On macOS, first open System Preferences from the Apple menu, then choose Mission Control. Make sure Displays have separate Spaces is ticked, which means going full screen on one display won’t turn the other one off. You can then create new Spaces by going to Mission Control (via the Dock or a three-finger upward swipe), and clicking the plus icon in the top right-hand corner.
Unless you’ve got two identical monitors set up next to each other, your two screens are going to have different sizes and resolutions (and perhaps even orientations). While Windows and macOS can do a decent job of managing this disparity automatically, tweaks to certain settings might help improve the user experience you’re getting.
On Windows, open up Settings by clicking the cog icon on the Start menu, then choose System and Display. Pick the display you want to change the settings for at the top, then use the Resolution and Orientation options underneath. On some displays, you can adjust the scaling of text, apps and other elements too.
With macOS, open up the Apple menu, then System Preferences and Displays. Under the two Display tabs you can adjust the resolution (click Scaled first), the rotation, and in some cases the refresh rate of the screens you’re working with.
You’ve got more options for adding an extra screen like a monitor or even a TV than you might think. If you’ve got a Chromecast plugged into anything with an HDMI input in it, for example, you can mirror your Mac or Windows desktop to it via Google Chrome (pick Cast from the Chrome menu, then choose the Chromecast device, then click Sources to pick between casting a browser tab or the entire desktop).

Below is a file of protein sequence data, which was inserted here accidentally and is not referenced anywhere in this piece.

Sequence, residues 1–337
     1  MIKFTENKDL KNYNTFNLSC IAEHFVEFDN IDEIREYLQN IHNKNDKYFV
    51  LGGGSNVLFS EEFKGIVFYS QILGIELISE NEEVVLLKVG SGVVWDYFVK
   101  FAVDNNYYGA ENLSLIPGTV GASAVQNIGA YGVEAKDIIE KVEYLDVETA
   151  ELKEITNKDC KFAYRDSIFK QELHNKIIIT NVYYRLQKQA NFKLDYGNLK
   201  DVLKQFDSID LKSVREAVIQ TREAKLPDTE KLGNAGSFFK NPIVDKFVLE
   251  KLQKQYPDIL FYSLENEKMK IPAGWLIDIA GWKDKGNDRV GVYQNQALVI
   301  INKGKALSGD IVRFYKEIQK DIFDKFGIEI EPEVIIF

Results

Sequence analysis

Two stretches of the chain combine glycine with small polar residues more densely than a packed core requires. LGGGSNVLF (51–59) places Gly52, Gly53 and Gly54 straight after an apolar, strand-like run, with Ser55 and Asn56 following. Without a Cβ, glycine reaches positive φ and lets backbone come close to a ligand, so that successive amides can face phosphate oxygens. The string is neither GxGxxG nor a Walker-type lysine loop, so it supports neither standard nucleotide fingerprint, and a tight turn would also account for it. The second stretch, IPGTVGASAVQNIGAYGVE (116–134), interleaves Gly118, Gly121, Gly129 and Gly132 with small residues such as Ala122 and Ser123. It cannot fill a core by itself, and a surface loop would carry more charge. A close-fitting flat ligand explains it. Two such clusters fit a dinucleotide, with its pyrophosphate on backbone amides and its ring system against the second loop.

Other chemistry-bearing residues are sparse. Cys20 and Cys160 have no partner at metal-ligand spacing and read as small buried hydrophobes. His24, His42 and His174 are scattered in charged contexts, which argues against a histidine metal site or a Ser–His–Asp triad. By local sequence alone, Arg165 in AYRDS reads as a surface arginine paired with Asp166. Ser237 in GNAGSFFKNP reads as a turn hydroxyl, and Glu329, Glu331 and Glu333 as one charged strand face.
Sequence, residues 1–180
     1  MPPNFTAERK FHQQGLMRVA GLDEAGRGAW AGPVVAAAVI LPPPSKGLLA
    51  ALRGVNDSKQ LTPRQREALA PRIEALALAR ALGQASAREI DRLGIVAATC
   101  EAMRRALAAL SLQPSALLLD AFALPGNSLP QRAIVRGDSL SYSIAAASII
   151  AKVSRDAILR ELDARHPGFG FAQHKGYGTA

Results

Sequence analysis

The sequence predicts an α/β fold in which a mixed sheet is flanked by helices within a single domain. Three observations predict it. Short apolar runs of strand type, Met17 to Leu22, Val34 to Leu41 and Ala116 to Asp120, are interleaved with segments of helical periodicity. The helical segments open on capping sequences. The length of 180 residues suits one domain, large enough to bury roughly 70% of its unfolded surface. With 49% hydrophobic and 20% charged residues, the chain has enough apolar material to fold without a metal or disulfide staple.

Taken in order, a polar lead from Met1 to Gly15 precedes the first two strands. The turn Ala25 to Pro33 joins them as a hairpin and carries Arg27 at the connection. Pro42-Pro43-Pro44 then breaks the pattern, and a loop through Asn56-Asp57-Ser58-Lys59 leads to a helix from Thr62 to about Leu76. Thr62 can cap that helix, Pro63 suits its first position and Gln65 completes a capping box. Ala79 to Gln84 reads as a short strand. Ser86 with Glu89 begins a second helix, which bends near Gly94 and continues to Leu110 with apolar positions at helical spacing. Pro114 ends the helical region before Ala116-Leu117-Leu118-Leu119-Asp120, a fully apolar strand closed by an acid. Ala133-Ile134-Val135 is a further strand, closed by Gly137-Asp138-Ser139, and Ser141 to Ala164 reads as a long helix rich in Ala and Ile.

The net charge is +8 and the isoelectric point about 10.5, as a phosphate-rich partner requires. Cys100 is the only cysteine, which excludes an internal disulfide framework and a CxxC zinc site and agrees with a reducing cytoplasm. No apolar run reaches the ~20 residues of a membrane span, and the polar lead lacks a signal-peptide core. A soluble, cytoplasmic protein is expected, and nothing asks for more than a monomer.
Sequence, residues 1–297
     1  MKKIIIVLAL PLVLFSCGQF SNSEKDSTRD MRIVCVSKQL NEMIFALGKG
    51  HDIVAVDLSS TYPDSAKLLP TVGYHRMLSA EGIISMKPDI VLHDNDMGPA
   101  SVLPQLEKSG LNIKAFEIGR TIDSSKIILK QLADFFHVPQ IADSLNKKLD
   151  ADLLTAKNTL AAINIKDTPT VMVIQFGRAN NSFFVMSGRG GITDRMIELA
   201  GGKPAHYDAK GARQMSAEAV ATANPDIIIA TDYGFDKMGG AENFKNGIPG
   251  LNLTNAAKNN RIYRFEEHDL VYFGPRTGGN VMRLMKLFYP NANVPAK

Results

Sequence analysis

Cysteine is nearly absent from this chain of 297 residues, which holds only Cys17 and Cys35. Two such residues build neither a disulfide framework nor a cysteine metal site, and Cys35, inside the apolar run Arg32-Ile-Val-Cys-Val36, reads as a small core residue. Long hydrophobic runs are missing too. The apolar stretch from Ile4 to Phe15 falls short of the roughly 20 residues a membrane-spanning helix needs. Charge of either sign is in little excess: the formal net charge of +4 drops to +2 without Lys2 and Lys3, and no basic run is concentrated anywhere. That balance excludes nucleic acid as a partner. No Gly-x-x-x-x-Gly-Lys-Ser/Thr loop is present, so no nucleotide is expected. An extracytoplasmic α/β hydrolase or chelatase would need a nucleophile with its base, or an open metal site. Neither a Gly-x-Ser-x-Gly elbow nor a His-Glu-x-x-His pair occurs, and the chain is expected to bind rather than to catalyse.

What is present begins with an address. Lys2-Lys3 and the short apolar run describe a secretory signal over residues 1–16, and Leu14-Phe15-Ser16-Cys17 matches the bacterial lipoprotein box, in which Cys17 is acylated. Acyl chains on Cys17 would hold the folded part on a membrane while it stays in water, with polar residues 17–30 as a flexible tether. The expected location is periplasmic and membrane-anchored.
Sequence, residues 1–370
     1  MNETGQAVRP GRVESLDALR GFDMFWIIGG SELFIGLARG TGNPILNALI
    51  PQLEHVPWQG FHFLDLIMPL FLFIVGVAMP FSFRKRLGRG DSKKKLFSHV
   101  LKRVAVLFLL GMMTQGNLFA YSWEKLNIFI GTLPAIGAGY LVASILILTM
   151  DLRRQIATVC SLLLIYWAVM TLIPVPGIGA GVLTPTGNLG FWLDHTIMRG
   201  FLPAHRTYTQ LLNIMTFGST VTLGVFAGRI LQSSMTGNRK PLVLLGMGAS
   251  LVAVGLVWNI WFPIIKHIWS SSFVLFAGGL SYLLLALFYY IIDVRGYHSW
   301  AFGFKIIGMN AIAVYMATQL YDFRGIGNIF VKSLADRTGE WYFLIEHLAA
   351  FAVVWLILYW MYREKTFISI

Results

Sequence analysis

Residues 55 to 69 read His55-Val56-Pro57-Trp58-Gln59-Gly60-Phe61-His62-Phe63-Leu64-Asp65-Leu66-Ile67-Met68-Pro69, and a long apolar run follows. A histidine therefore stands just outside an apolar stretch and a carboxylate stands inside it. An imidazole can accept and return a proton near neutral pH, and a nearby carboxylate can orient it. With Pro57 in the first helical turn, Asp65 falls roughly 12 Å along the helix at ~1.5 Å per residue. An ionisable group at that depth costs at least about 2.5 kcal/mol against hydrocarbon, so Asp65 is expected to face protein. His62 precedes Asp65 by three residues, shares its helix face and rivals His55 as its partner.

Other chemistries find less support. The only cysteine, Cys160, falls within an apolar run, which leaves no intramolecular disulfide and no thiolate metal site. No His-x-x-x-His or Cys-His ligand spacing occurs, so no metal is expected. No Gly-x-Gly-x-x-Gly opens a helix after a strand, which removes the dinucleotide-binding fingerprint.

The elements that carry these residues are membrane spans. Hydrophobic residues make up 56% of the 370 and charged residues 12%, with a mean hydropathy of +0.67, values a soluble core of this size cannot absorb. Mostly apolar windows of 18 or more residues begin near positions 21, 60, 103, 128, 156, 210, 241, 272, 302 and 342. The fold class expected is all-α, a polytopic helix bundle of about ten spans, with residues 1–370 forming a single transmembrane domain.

If you’re on macOS and have an Apple TV too, the magic of AirPlay can either mirror or extend your macOS desktop. Click the AirPlay button on the menu bar, pick your Apple TV, then use the same drop-down menu to decide if you want to just duplicate your Mac’s screen or use the connected television as an extension of your desktop (so you can drag app windows to it and so on).
For third-party options give AirParrot your consideration—it works across Windows and macOS, can beam to a multitude of devices including Chromecasts, Apple TVs, Windows, and macOS computers, and is really easy to use too. You can, if you like, just wirelessly stream media files rather than your entire desktop. AirParrot will set you back $13, but you can try it for free.
With macOS Catalina bringing the new Sidecar feature with it later this year, you’ll be able to set up an iPad as a second screen for your Mac without any need for wires (and you’ll even get a software Touch Bar as well). However, if you want to get this up and running straight away, or you’re on a Windows machine, you’ve got a variety of options.
Air Display ($10) is perhaps the pick of the bunch: It works with Android tablets as well as iPads, and can function in wired (USB) or wireless mode, though it is macOS-only. Another slick, stable option is Luna Display ($70)—it costs more and needs a dongle to work, but feels like magic (no cable required). Again, Luna is only on the Mac.
Duet ($10) is worth a try if you want to connect an iPad as a second display to a Windows device. There’s no wireless mode here, so there needs to be a direct connection to your computer, but that means a stable link is guaranteed. It’s also available macOS.